Terry is passionate about evidence based practice and raising standards in clinical research.  He holds editorial board positions with various journals; is coordinating editor for the Cochrane Dementia Group; Chair of the Organisation for Psychological Research in Stroke (OPSYRIS) and the NHS Research Scotland Lead for Ageing Research. Terry sits on the Scottish Parliament Cross-Party Group for heart disease and stroke and has been working with Healthcare Improvement Scotland on improving care of the older adult in hospital.

Within the University, Terry has a number of teaching and supportive roles.  He is primary supervisor to five PhD students having supervised to completion PhD, MSc and BSc (Med Sci) students.  He is vice chair of the MVLS ethics committee, advisor of studies for undergraduate medical students and coordinates clinical academic trainees through the GATE program (Glasgow Academic Training Environment).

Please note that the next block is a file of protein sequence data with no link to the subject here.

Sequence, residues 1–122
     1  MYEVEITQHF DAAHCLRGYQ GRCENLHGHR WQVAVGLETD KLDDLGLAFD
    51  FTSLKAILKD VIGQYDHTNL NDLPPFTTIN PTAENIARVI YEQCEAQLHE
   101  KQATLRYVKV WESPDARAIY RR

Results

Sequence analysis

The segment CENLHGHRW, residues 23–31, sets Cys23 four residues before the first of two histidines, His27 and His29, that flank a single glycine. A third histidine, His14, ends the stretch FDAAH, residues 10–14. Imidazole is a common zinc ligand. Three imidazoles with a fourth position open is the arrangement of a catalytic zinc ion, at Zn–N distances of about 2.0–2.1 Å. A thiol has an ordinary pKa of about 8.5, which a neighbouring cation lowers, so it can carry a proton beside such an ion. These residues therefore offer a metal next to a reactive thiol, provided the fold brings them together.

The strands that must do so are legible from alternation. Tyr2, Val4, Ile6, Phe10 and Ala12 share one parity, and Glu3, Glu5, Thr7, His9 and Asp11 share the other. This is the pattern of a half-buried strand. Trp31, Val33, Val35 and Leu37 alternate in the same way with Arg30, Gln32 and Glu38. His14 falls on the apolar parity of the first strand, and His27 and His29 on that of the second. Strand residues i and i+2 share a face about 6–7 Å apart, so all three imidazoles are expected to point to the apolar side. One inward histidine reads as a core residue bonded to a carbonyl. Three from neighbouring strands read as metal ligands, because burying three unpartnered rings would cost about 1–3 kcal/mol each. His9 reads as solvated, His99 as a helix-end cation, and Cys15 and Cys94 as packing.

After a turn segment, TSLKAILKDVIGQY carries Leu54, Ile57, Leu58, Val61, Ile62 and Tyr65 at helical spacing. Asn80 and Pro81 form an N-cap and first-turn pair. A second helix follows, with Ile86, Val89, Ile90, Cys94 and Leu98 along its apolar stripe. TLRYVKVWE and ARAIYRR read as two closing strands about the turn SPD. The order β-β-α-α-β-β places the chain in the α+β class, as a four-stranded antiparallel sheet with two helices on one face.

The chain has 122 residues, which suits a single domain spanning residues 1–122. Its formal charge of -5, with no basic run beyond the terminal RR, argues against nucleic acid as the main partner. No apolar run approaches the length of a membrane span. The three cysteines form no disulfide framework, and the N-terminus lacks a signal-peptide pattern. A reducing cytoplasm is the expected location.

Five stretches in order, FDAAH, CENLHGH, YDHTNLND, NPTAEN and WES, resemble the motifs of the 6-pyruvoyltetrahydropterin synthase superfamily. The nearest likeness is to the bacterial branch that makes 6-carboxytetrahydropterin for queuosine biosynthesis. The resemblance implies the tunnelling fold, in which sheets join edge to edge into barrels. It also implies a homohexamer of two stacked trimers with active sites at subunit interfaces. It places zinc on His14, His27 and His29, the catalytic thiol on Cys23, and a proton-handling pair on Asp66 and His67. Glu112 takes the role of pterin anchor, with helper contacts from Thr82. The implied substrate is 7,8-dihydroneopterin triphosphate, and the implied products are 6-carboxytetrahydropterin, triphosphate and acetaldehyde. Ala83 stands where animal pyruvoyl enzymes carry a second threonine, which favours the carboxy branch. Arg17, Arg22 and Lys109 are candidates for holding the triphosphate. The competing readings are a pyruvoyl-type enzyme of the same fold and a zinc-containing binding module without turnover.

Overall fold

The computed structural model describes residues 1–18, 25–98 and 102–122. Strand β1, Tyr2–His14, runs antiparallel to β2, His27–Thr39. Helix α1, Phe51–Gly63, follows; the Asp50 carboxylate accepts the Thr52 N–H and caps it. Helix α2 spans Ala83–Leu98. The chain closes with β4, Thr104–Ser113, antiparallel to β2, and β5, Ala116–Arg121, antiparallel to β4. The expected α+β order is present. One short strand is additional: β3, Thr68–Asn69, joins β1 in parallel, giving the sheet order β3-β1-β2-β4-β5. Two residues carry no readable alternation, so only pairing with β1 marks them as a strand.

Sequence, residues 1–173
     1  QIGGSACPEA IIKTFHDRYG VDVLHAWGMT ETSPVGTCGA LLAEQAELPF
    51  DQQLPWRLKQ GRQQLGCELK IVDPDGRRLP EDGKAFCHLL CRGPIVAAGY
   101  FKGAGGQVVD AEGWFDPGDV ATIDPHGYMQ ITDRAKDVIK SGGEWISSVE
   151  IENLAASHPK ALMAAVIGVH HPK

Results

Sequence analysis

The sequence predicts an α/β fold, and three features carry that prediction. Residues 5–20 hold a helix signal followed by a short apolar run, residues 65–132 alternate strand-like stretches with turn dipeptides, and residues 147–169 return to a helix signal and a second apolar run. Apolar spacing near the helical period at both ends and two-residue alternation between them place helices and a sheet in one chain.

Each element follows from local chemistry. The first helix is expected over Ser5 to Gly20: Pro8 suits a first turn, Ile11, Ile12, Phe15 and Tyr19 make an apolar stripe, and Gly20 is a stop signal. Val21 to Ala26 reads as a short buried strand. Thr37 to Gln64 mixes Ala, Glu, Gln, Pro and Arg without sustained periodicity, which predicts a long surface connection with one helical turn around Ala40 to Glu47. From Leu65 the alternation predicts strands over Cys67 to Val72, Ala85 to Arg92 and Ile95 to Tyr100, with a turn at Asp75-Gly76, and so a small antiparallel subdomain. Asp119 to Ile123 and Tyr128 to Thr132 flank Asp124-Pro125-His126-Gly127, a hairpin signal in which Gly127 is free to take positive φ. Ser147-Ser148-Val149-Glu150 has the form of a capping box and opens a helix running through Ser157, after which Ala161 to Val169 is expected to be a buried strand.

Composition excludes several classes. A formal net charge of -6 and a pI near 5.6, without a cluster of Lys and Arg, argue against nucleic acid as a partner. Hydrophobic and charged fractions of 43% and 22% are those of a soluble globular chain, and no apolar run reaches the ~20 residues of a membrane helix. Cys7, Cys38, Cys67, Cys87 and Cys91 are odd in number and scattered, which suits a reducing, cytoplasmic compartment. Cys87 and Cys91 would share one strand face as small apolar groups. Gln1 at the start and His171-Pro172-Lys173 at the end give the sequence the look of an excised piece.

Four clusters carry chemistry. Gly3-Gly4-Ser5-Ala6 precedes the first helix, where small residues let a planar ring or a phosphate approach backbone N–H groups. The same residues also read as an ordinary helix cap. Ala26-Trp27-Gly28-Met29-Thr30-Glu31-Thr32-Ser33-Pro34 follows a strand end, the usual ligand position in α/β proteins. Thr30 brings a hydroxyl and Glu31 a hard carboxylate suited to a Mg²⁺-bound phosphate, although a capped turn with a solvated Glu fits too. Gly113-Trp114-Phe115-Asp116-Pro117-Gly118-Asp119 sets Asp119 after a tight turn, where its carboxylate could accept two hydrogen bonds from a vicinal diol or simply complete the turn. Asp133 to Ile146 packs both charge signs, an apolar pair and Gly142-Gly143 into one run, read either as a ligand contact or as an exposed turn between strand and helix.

Terry combines his research portfolio with active teaching and clinical commitments.

I have been a member of the SDRC for many  years. In 2020 I began working closely with the executive as co-opted member. In this time I have helped the organisation respond to the covid-19 pandemic. Notable activities have included raising the social media visibility of the group; developing the monthly webinar series and creating online resources for early career researchers. Despite all the challenges of the last year, this is still an exciting time to be working in dementia research. I want to build on the successes of 2020 and I have the ideas, networks and passion to ensure we realise the potential of SDRC and of dementia research in Scotland.

Psychology and Humanities

Mario Parra

University of Strathclyde